SynopsisErnest F. was born in Makó, Hungary on May 27, 1923. He describes his family and the Jewish community. He discusses his family’s Hungarian patriotism. He recalls experiencing antisemitism beginning in 1938, and the introduction of anti-Jewish regulations. He describes attending law school in 1941. He describes the German occupation and ghettoization. He describes being conscripted into a Hungarian forced labour battalion and transported to the Russian front. He describes the poor conditions, slave, labour, and violence against prisoners. He describes receiving an operation in a hospital. Ernest describes capture by Soviet troops as a prisoner of war and his escape. He recalls traveling home and learning his parents had been deported but survived. He describes his marriage, having a daughter, and becoming a lawyer. He describes escaping to Vienna during the 1956 Hungarian revolution. He describes immigrating to Canada. Ernest notes the importance of luck to his survival.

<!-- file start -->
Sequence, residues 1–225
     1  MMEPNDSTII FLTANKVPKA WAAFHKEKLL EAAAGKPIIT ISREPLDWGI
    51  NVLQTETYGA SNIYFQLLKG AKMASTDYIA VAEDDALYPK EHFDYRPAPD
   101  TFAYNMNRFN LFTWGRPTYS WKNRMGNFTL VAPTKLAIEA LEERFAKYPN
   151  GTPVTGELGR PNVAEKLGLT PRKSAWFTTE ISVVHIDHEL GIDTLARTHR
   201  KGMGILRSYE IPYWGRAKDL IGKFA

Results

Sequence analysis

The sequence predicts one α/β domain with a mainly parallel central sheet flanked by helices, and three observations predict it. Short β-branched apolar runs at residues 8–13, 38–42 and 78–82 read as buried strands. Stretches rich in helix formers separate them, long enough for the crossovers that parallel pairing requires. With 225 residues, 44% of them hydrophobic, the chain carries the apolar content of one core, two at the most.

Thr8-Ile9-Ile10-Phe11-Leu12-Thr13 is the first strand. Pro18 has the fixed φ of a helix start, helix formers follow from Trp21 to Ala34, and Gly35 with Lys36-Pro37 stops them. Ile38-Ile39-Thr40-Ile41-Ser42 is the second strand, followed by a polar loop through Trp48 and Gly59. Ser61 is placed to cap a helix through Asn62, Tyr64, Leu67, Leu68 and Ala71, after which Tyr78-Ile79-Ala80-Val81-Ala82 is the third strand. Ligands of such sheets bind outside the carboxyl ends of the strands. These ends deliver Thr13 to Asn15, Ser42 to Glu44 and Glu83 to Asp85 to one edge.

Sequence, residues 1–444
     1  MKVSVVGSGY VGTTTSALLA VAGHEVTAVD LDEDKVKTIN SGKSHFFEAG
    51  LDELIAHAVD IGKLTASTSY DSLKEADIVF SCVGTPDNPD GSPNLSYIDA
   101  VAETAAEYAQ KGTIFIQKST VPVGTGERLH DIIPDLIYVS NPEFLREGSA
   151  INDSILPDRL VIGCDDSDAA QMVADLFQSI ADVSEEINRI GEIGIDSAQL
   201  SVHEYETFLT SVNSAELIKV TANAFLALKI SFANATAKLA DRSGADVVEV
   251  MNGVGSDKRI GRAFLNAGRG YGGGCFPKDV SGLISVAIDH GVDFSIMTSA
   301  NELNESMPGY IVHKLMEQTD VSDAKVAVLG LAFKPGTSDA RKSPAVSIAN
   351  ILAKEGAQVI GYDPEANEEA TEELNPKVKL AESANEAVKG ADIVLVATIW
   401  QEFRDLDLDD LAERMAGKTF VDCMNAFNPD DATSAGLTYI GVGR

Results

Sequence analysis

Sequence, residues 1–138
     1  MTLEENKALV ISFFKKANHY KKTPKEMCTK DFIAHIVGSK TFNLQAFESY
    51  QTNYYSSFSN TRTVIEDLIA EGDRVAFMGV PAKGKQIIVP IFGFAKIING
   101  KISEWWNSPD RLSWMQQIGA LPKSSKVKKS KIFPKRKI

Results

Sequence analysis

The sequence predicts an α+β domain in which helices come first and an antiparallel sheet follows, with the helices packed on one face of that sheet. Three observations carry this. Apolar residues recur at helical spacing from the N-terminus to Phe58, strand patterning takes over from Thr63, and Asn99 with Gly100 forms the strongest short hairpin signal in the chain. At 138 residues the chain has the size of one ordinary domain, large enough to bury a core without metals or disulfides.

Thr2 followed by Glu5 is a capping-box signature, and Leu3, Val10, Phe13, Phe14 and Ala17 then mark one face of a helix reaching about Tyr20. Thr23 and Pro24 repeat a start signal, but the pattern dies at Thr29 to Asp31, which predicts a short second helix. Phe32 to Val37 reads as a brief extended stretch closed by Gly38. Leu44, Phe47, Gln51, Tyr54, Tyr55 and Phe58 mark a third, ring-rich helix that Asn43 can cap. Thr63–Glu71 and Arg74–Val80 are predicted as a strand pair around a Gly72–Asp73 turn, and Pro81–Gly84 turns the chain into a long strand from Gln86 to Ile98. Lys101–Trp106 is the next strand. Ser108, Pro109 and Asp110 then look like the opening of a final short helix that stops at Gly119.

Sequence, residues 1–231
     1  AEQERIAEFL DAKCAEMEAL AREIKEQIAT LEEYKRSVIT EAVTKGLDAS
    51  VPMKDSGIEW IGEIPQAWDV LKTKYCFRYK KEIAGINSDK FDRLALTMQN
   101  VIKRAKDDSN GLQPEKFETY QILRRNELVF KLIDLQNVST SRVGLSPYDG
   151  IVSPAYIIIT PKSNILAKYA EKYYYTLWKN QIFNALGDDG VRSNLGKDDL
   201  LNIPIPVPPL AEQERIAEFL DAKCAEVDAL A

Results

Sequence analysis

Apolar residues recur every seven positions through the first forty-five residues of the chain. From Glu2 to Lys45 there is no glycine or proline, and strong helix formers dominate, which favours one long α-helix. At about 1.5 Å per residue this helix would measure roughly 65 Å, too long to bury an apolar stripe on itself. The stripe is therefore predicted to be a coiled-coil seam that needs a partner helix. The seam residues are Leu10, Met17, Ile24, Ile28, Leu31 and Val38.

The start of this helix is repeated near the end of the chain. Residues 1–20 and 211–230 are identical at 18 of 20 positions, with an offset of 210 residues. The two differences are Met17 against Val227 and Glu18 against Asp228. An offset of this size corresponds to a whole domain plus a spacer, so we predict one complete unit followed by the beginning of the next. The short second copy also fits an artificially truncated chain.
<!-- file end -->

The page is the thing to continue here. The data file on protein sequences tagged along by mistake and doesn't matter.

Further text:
RightsThe University of British Columbia | Holocaust Documentation Project | Principal Investigator: Robert Krell, M.D. | Consent to Record and Retain Records (fn: Under the auspices of the Standing Committee on the Holocaust and Canadian Jewish Congress - Pacific Region) on file.
NoteInterview ends mid-sentence. Poor video quality from approximately 01:01:00 to end. Testimony simultaneously recorded on video and audio cassette.